Friday the 13th: The Final Chapter

(Reviewed in 2002 as part of a retrospective on the “Friday the 13th” series.)

Part four in the “Friday the 13th” series is called “The Final Chapter.” It should not be confused with part nine in the series, which is called “The Final Friday.” It should also not be confused with the previous three films, which are all vastly inferior to “The Final Chapter” — which, despite its false-advertising title, is actually not a very bad movie.

I know; I’m just as surprised as you are. A new director (Joseph Zito) was called in, and he displays some signs of competence. Not style or panache, mind you, but competence. Some shots are actually kind of cool, and it appears there was a good deal less cocaine circulating around the set than in past “Friday the 13th” endeavors.

Some legitimate actors were called in, too. Not John Gielgud or Robert DeNiro, but Corey Feldman and Crispin Glover, anyway. (For the record, Corey Feldman was known as the “John Gielgud” of ’80s actors named Corey. Corey Haim was the “Jason Bateman” of ’80s actors named Corey. Jason Bateman was the “Ricky Schroder” of ’80s actors on “Silver Spoons.”)

And the characters … well, there are some, which is unusual. I mean, there are always people in the movies, and those people generally have names. But it would be a stretch to call them “characters.” “Bodies” would be more like it. In the past, we’ve never cared who Jason killed, because everyone was either bland or annoying.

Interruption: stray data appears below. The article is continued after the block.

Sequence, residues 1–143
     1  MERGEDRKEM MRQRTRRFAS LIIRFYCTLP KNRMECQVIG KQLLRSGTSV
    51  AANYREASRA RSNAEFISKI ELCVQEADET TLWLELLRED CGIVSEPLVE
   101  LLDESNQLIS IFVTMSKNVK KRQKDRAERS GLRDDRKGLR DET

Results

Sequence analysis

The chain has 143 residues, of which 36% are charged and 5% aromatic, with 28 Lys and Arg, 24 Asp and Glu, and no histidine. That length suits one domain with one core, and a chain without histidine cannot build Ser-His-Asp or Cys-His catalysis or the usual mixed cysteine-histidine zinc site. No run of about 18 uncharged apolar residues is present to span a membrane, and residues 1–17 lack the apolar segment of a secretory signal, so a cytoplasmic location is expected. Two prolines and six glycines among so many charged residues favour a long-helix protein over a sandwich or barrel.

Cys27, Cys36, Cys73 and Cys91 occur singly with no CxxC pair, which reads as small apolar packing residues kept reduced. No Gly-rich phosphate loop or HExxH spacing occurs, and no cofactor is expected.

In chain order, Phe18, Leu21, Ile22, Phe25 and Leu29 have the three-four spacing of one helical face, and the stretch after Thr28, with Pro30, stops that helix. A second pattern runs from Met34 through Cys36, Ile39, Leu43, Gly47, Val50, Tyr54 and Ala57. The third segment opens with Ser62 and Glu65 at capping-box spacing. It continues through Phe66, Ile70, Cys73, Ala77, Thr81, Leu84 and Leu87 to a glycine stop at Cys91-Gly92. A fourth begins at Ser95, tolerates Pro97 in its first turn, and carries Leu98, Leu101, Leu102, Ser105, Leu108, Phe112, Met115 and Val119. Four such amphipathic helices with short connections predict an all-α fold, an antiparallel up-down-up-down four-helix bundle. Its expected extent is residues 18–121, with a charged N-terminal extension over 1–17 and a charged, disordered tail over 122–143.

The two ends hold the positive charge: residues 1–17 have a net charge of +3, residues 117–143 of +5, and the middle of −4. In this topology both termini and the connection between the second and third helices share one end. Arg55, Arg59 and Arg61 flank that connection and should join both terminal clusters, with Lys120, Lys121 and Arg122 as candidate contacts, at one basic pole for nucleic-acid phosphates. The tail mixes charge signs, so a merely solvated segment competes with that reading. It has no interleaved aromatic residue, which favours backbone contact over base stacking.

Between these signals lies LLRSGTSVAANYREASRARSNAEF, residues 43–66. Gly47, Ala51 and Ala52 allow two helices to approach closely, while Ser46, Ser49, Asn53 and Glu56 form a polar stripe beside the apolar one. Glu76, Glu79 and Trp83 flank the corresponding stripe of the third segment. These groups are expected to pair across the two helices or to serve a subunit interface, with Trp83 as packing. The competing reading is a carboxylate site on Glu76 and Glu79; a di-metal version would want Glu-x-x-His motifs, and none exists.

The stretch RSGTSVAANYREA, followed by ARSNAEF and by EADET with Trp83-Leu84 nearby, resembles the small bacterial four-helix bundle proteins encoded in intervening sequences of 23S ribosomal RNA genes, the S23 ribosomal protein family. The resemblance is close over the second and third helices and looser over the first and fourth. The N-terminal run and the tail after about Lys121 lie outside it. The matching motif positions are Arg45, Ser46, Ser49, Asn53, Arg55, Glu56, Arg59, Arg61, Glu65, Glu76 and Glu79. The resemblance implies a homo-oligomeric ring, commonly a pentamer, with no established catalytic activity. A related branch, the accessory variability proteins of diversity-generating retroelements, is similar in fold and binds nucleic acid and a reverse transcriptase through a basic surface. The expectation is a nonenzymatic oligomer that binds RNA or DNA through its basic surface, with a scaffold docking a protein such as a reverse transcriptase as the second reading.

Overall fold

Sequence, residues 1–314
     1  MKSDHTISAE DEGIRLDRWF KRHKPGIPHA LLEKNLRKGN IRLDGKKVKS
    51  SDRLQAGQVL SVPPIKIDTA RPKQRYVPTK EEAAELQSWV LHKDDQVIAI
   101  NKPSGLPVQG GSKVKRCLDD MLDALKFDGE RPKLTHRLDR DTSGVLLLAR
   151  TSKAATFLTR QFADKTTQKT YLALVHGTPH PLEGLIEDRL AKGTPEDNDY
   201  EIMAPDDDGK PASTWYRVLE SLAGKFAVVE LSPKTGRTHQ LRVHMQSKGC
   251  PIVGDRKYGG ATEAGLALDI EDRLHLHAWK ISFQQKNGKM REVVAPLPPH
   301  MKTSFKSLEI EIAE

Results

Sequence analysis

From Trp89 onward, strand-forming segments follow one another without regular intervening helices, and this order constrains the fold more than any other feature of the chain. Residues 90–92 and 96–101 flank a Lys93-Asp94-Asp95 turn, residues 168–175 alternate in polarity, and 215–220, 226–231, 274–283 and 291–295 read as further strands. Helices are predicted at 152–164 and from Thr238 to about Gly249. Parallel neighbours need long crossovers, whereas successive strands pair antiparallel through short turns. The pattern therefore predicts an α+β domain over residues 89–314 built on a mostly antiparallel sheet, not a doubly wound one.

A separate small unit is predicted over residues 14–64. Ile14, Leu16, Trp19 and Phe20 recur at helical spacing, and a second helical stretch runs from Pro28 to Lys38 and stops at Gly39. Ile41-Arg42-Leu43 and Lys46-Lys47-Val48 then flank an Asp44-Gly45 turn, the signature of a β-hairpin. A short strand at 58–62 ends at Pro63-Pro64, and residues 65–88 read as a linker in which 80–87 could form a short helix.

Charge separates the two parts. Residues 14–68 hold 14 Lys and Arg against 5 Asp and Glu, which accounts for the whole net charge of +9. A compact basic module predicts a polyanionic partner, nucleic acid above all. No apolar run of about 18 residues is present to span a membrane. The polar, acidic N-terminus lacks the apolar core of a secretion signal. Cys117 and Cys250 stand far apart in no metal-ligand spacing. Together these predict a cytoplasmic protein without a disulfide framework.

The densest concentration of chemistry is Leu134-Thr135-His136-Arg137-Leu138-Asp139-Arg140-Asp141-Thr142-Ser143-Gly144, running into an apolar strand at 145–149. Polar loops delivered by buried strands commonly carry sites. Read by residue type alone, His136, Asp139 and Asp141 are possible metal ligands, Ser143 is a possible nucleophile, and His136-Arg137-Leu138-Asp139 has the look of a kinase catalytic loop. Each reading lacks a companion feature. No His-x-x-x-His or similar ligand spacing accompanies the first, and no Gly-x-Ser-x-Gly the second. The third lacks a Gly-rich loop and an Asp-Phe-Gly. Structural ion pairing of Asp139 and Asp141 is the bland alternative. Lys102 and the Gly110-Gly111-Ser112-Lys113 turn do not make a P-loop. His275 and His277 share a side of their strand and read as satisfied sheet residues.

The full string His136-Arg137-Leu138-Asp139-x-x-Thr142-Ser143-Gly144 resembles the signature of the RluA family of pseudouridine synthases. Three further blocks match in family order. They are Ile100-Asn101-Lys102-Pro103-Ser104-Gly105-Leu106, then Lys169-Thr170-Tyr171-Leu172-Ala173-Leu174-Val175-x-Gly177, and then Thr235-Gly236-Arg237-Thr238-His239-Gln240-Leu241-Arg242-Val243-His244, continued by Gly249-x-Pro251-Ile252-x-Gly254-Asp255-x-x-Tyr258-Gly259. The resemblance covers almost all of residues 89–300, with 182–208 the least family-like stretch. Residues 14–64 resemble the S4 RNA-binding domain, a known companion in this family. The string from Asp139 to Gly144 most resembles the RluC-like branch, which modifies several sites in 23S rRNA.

This time around, we have a few people who are somewhat interesting. Feldman plays a little kid named Tommy who is fascinated with the Jason legends, leading to some creepy possibilities (which are squandered in subsequent films, but that’s not “The Final Chapter’s” fault). And Crispin Glover is actually — yes! — FUNNY as a teen who is unlucky at love, and then he gets some action, and then he gets killed. I really, really hoped he would live.

Now for the bad stuff….

The film opens mere moments after Part 3 ended … except that Part 3 ended in the morning, and it’s nighttime now. (Honestly, I don’t think they’re even WATCHING the previous movies before they make new ones.) Cops and paramedics are cleaning up the aftermath of Jason’s latest slaughter. Jason himself lies dead in the barn where he was killed several times in Part 3.

Later, he busts out of the morgue, the rumors of his death apparently having been greatly exaggerated. He kills some morgue attendants (including one who exclaims, humorously, “Holy [deity] jumping Christmas s***!”). Then it’s back to Crystal Lake for him, his homeland, his Mecca, his own private Idaho.

At the lake, we meet a small family. Mrs. Jarvis is divorced from her husband but maintains her pride and dignity and jogs every morning with her teen-age daughter, Trish, who is approximately five years younger than she. Trish’s little brother is the aforementioned Corey Feldman. They are a happy family. Surely one or more of them will soon die.

Across the way, some amorous teens (is there any other kind of teen?) have rented/borrowed/stolen a cabin for the weekend. They do their thing. People are killed.

OK, so the plot is utterly the same as the previous films, up to the finale, which is at least original, if not at all believable. There is also a large amount of nudity, and when the teens aren’t nude, they are wearing the Daisy Duke shorts that made episodes one and two so disturbing.

With a hint of good acting, a glimmer of character development, and an overall more-professional look than its predecessors, “The Final Chapter” is not bad. It’s not scary, either, which prevents it from being good. But at this point, we’ll take whatever we can get.

C (; R, all the usual swearing and blood and what-have-you.)